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    ABSTRACT: Combining data from genome-wide association studies (GWAS) conducted at different locations, using genotype imputation and fixed-effects meta-analysis, has been a powerful approach for dissecting complex disease genetics in populations of European ancestry. Here we investigate the feasibility of applying the same approach in Africa, where genetic diversity, both within and between populations, is far more extensive. We analyse genome-wide data from approximately 5,000 individuals with severe malaria and 7,000 population controls from three different locations in Africa. Our results show that the standard approach is well powered to detect known malaria susceptibility loci when sample sizes are large, and that modern methods for association analysis can control the potential confounding effects of population structure. We show that pattern of association around the haemoglobin S allele differs substantially across populations due to differences in haplotype structure. Motivated by these observations we consider new approaches to association analysis that might prove valuable for multicentre GWAS in Africa: we relax the assumptions of SNP-based fixed effect analysis; we apply Bayesian approaches to allow for heterogeneity in the effect of an allele on risk across studies; and we introduce a region-based test to allow for heterogeneity in the location of causal alleles.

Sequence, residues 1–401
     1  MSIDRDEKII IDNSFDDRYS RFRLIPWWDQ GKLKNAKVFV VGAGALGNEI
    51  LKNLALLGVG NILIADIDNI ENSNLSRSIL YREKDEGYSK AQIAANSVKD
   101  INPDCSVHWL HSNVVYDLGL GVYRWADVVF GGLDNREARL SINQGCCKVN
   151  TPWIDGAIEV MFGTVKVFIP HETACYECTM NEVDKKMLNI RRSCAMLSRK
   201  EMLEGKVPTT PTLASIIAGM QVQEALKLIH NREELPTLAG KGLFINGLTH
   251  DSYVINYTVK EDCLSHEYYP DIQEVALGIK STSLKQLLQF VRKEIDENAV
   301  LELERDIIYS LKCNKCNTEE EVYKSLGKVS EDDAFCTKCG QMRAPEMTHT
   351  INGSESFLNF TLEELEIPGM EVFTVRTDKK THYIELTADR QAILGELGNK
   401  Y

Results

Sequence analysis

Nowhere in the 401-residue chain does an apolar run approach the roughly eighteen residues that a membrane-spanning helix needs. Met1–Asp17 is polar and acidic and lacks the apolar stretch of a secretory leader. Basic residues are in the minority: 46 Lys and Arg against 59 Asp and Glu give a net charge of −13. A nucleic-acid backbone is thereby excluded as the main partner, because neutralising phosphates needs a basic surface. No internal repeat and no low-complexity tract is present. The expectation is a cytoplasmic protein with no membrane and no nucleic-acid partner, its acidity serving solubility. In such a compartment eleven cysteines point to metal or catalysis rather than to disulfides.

PLoS Genetics 01/2013; · 8.52 Impact Factor
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    ABSTRACT: Using the Immunochip custom SNP array, which was designed for dense genotyping of 186 loci identified through genome-wide association studies (GWAS), we analyzed 11,475 individuals with rheumatoid arthritis (cases) of European ancestry and 15,870 controls for 129,464 markers. We combined these data in a meta-analysis with GWAS data from additional independent cases (n = 2,363) and controls (n = 17,872). We identified 14 new susceptibility loci, 9 of which were associated with rheumatoid arthritis overall and five of which were specifically associated with disease that was positive for anticitrullinated peptide antibodies, bringing the number of confirmed rheumatoid arthritis risk loci in individuals of European ancestry to 46. We refined the peak of association to a single gene for 19 loci, identified secondary independent effects at 6 loci and identified association to low-frequency variants at 4 loci. Bioinformatic analyses generated strong hypotheses for the causal SNP at seven loci. This study illustrates the advantages of dense SNP mapping analysis to inform subsequent functional investigations.